Meridian has a boyfriend, and must drop out of school when she becomes pregnant at 15. She and her boyfriend marry, but it all happens to Meridian as if in a dream. It does not seem she is meant for this life. Her conventional husband moves on to greener pastures quickly. Meridian hears that volunteers are needed for a voter registration drive to begin in a house near her own. She sees lots of young people milling around the house, and the next day finds that it has been firebombed. “And so it was that one day in the middle of April in 1960, Meridian Hill became aware of the past and present of the larger world.” She is just 17.
Meridian volunteers and joins in the marches, sit-ins and vigils that make up the Movement. She gives her son away with a light heart, believing she has saved his young life, but it takes her a long time to tell her mother, a deeply Christian woman.
In the Movement, Meridian meets Truman Held and falls in love with him. She is also given a scholarship to Saxon College as her intellect is recognized. The women at Saxon are taught to be young ladies, but many of them go out and demonstrate, sometimes end up in jail. Meridian continues to see Truman, who is a “conquering prince,” vain and somewhat pretentious. Instead of returning Meridian’s love, Truman goes out with the white exchange students at college. When Meridian asks him what he sees in them, he tells her, “The read The New York Times.”
When Meridian does sleep with Truman finally, she becomes pregnant and has an abortion. Truman, who has gone back to Lynne, a white student, never knows. When he finally does come back to Meridian, she is angry. “It’s over,” she tells him.
At graduation, Meridian becomes ill, fainting and having blue-black spells. She lies sick for a month, thinking always of her mother and feeling guilty about how overburdened she was. She realizes “her mother’s and her grandmother’s extreme purity of life was compelled by necessity. They had not lived in an age of choice.” Finally a friend of her mother’s whispers to Meridian, “I forgive you,” and Meridian gets better.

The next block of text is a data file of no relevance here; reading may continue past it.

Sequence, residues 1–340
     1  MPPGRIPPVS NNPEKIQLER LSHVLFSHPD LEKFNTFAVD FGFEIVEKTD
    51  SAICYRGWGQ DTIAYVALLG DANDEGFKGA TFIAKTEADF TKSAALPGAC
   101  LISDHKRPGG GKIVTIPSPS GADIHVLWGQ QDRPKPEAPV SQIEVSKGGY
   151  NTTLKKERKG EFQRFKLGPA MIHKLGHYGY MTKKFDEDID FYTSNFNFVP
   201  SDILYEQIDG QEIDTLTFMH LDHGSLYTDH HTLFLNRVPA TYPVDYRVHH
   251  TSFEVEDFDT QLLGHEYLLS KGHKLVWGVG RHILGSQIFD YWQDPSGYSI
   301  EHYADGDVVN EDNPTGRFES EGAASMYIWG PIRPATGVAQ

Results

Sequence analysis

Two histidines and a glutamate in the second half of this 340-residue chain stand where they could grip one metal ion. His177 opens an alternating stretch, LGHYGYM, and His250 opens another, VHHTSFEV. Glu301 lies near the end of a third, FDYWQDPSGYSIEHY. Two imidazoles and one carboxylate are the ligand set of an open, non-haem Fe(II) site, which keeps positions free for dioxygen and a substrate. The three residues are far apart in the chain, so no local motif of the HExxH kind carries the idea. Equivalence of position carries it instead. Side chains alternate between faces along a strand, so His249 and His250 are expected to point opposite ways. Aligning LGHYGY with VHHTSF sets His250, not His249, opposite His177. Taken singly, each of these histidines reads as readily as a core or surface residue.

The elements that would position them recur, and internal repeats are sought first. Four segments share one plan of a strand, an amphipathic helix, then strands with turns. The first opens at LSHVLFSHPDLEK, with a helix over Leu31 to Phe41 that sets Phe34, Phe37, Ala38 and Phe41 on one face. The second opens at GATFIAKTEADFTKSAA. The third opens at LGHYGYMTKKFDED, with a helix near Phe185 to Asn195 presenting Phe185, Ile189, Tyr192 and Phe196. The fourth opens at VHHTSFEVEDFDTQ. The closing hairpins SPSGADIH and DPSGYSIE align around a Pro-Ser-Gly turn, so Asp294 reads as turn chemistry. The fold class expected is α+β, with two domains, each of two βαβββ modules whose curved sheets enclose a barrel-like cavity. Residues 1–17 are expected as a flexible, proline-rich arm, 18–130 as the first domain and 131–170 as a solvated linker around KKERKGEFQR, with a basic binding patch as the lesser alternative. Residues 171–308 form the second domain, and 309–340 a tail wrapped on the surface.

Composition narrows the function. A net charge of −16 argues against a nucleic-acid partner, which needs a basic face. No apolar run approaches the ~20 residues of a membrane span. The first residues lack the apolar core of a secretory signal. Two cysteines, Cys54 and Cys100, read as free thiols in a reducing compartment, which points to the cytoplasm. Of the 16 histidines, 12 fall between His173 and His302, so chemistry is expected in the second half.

After graduation, Meridian lives briefly in New York. Truman has married Lynne and they have a daughter, though they are separated. This daughter dies at six, and Meridian tries to comfort both of them. She goes back and forth from Truman’s light, bright artist studio where there are paintings of Meridian on every wall to Lynne’s dark basement apartment in the Village. Lynne is angry and bitter about her experiences, though she was happiest in the Movement in the South. Meridian, courteous and quiet, cannot listen to Lynne’s vituperation.
Meridian herself is living in small farming towns in Georgia. She is able, through her own courage and ambivalence, to perform extraordinary acts, though afterwards she falls into a fit and can’t move. For instance, in one small town where the swimming pool is closed after it was required to be integrated, a small boy drowns playing in a drainage ditch. Meridian, followed by townspeople, carries his bloated body into the mayor’s office and puts it on his desk. The drainage ditch is filled in. In return for her work, the little towns support Meridian, giving her a place to live and food. She continues to visit people, getting them to register to vote. Truman often visits her.
In 1968, Meridian is at Martin Luther King’s funeral. She has continued to ask herself the question she was asked as the Movement became increasingly militant: could you kill for the revolution? Meridian does not think she could. Visiting churches, Meridian finds they have changed. She had thought of them as reactionary, but now she fins them places of respect and pride. She loves the old songs, and decides her place is not among the “real revolutionaries,” but to come forward with the songs they need to hear.
Having solved some of her questions, Meridian grows stronger. Though Truman wants to go back to their early love, Meridian tells him she has set him free. Resolute, owning nothing, she packs to move to another town. “Your ambivalence will always be deplored by people who consider themselves revolutionists, and your unorthodox behavior will cause traditionalists to gnash their teeth,” Truman tells her. When she leaves, he wonderes “if Meridian knew that the sentence of bearing the conflict in her own soul which she had imposed on herself – and lived through – must now be borne in terror by all the rest of them.”
Alice Walker has said she was thinking of Ruby Doris Smith-Robinson when writing the book. Ruby Doris was a powerful force in the Civil Rights Movement who died at age 25, having given all of herself to the fight. Many of the experiences depicted in the book are surely Alice Walker’s own and the questions and resolutions she describes show her own growth under fire.